Mrs. Topper's friend Mrs. Parkhurst has convinced Mrs. Topper to file for a divorce from Cosmo, due to the strange circumstances of his trip with ghost Marion Kirby. Marion comes back from ... See full summary »
Norman Z. McLeod
This series was about a somewhat grumpy and uptight banker, Cosmo Topper, and the ghosts which only he could see or hear, George and Marion Kerby. The Kerbys would often try to get Cosmo to... See full summary »
Leo G. Carroll
Henri Rochard is a French captain assigned to work with Lt. Catherine Gates. Through a wacky series of misadventures, they fall in love and marry. When the war ends, Rochard tries to return... See full summary »
Topper is once again tormented by a fun-loving spirit. This time, it's Joan Blondell, who was accidentally murdered while vacationing at the home of her wealthy friend, Ann Carrington (Landis), the intended victim. With Topper's help, Joan sets out to find her killer with the expected zany results. Written by
Daniel Bubbeo <firstname.lastname@example.org>
Carol Landis' character leaves a note regarding her death which is destroyed (albeit unsuccessfully). Seven years later Landis died leaving a suicide note which was allegedly destroyed by Rex Harrison. See more »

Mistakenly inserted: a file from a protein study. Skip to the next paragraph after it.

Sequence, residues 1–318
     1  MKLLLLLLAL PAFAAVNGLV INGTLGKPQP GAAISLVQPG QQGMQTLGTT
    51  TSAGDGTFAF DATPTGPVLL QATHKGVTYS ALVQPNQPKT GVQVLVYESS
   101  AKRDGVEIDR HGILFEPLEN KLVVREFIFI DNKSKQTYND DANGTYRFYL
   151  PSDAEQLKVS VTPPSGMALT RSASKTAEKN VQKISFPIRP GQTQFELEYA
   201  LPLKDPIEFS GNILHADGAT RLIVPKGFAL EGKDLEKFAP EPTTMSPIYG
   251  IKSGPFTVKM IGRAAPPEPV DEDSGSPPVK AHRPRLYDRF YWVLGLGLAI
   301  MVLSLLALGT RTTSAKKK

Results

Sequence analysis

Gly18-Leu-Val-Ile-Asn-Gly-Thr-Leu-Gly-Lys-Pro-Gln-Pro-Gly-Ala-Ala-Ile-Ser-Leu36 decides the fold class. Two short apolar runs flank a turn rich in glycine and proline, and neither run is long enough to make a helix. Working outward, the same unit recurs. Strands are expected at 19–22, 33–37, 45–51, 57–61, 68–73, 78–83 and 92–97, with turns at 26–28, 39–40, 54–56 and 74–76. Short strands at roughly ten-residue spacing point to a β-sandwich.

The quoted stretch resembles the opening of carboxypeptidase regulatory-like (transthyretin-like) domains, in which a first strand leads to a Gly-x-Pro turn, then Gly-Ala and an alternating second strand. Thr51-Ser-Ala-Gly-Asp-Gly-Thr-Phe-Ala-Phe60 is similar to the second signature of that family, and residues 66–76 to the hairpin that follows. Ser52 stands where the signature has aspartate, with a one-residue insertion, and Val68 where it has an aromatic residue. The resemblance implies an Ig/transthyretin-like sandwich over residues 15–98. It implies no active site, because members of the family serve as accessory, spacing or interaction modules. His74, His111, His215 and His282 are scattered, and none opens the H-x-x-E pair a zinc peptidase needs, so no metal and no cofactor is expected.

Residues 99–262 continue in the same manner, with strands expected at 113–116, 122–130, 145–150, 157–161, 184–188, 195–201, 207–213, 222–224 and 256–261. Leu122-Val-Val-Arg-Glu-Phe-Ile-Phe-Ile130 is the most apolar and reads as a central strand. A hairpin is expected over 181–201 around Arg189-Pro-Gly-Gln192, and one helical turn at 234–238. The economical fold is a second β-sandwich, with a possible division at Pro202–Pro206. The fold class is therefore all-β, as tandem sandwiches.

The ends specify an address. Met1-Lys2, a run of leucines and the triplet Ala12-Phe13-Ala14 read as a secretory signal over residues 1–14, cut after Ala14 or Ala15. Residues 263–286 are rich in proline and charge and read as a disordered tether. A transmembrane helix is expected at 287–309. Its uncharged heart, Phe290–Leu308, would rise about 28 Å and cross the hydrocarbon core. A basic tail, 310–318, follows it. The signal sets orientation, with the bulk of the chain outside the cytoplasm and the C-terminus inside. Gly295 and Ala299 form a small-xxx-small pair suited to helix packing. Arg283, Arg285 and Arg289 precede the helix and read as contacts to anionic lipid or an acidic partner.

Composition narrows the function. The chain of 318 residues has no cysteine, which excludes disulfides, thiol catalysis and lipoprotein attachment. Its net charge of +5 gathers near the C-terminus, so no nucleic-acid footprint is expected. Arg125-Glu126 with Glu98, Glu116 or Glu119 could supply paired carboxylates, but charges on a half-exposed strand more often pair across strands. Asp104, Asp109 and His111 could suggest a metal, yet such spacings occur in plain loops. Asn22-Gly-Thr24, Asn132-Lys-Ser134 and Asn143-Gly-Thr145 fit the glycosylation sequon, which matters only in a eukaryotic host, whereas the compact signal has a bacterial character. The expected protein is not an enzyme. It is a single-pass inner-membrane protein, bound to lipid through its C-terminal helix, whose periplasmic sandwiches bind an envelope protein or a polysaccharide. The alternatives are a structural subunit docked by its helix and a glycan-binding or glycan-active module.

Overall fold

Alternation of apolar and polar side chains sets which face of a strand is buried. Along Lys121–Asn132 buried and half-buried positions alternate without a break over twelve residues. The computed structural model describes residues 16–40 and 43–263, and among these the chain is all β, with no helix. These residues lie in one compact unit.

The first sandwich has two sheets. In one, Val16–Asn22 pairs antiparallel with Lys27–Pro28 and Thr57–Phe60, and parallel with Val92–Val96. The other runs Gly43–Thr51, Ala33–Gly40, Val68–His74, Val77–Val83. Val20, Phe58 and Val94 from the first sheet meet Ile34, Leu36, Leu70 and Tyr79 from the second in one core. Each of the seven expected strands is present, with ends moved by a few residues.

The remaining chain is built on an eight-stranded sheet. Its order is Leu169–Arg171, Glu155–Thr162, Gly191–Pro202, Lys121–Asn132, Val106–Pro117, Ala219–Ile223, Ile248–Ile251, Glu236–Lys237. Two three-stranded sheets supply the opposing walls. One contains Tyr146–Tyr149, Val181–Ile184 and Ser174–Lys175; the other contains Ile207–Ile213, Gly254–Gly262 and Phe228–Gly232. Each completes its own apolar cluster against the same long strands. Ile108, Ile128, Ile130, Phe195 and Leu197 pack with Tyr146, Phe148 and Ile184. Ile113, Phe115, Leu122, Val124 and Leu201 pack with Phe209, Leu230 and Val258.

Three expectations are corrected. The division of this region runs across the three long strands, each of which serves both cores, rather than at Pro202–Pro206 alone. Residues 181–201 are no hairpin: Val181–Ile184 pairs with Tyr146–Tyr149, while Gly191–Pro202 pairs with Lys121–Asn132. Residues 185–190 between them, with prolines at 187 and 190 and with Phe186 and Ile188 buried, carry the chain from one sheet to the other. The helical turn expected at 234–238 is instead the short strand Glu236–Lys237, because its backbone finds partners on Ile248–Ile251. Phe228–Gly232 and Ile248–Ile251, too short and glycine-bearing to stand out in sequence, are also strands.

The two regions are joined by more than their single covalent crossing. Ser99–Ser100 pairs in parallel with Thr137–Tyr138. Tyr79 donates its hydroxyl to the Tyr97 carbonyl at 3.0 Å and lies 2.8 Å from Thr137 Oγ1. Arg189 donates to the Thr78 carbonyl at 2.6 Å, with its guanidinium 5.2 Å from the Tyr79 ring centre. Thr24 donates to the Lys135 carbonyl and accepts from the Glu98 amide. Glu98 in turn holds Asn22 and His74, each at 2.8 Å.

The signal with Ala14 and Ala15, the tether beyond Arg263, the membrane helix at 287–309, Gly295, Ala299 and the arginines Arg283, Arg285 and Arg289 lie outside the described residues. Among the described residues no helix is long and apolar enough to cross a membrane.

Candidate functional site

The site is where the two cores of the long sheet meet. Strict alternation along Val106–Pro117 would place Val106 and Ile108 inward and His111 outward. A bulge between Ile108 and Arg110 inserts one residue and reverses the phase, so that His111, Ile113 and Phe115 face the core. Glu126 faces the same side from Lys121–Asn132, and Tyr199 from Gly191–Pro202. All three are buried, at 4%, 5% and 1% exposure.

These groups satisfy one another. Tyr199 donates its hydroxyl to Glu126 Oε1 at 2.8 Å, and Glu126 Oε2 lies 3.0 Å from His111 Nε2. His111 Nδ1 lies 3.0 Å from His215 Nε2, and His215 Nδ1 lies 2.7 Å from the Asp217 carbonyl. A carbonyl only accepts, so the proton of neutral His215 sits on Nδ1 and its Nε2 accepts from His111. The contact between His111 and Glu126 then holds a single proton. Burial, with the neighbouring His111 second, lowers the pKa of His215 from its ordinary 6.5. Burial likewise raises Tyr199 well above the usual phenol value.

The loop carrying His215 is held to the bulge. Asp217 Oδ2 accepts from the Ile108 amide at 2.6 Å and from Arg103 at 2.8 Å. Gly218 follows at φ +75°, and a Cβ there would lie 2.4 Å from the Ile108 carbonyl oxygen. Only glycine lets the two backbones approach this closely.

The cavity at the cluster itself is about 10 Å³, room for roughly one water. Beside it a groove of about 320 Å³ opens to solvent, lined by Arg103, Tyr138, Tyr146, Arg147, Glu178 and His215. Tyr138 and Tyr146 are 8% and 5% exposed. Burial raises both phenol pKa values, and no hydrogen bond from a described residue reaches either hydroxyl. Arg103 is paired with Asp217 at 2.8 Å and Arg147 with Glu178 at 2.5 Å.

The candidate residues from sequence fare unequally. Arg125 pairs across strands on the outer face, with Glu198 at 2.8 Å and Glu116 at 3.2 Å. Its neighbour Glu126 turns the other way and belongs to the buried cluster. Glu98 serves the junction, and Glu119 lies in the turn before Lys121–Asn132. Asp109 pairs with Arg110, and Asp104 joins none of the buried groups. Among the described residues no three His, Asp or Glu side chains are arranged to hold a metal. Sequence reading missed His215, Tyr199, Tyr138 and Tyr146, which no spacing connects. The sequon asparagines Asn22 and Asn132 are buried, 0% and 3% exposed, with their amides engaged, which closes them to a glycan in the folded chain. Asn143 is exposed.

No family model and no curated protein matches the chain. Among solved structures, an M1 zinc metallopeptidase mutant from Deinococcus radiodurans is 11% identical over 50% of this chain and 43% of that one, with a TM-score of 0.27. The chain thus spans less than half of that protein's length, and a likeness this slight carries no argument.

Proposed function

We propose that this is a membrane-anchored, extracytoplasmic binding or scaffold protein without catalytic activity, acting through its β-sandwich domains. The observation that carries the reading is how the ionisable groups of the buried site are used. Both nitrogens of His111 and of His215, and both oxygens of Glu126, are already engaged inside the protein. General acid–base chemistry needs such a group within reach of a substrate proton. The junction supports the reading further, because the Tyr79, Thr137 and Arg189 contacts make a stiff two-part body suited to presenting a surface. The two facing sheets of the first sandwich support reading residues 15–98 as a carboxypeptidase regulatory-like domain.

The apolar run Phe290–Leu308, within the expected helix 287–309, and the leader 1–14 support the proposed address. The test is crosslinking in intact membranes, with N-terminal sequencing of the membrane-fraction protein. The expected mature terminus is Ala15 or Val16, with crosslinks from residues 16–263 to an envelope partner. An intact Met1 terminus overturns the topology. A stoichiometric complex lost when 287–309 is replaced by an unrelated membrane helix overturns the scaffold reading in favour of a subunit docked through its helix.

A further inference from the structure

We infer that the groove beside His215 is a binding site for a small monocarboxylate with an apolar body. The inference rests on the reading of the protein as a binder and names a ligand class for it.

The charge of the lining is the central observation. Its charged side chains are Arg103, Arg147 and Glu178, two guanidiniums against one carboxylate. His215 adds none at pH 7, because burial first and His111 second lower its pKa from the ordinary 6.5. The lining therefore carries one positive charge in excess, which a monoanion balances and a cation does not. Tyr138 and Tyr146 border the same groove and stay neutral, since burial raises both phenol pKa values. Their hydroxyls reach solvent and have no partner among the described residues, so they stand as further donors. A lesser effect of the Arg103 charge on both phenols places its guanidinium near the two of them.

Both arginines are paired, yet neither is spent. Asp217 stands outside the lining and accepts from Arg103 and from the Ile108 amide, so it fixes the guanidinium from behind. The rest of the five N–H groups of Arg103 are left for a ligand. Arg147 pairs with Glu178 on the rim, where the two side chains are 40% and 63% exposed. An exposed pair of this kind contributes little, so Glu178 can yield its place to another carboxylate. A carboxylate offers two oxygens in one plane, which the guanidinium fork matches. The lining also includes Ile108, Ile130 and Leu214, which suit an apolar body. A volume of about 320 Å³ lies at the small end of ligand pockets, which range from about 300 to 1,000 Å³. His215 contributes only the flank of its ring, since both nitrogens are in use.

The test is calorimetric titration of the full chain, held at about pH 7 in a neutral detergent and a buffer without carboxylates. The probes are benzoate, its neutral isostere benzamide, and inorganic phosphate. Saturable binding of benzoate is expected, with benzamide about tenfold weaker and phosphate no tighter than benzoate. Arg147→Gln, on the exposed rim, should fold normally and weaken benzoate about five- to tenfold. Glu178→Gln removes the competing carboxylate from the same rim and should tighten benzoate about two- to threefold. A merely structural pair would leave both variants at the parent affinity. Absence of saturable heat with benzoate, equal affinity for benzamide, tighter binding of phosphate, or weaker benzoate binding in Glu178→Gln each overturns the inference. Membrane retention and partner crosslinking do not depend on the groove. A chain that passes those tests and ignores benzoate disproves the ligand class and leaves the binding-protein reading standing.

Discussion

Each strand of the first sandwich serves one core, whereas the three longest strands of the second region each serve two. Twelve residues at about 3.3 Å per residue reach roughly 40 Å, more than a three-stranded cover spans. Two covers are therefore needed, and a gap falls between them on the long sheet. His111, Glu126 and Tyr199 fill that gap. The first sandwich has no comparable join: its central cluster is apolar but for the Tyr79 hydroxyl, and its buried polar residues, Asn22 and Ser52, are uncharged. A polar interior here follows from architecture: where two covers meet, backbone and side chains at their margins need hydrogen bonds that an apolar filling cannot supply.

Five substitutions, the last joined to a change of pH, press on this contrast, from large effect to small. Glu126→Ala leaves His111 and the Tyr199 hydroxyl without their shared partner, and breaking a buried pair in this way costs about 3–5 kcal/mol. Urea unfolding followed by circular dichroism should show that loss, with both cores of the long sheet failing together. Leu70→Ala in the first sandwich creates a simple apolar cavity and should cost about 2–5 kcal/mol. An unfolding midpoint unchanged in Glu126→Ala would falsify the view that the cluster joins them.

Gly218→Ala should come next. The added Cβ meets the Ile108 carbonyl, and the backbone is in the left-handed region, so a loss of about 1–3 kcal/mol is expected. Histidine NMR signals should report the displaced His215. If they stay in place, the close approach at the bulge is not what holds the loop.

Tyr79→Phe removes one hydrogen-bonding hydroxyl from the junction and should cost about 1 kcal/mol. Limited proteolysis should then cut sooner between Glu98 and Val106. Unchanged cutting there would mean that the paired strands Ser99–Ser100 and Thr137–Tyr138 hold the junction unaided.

When Ann first meets her father, talks to the clock-winding woman and receives the jewels, she changes chairs from one with a straight top, to one with a curved top, and back again, as well as going from sitting properly to sitting on the arm. See more »
I agree with the comments that this 1941 "sequel" to the 1937 classic is actually a better film despite the absence of Cary Grant. This movie is loaded with talented people - Joan Blondell, Roland Young, Carole Landis, Billie Burke, George Zucco, Patsy Kelly, Eddie Anderson, Dennis O'Keefe, Rafela Ottiano, all of whom have their moments to shine. Blondell is the only bona fide major movie star in the group but it's very much an ensemble cast picture in a way you don't often see in movies from the period. Mainly a slapstick comedy, it works as a mystery too, I was surprised by the murderer's identity. Anderson and Burke are particularly funny and Blondell is a delight, very sassy and very sexy, she looks a few pounds heavier than in her 1930's Warner Bros. films but those extra curves look sensational on her, making her more Mae West-like than ever.
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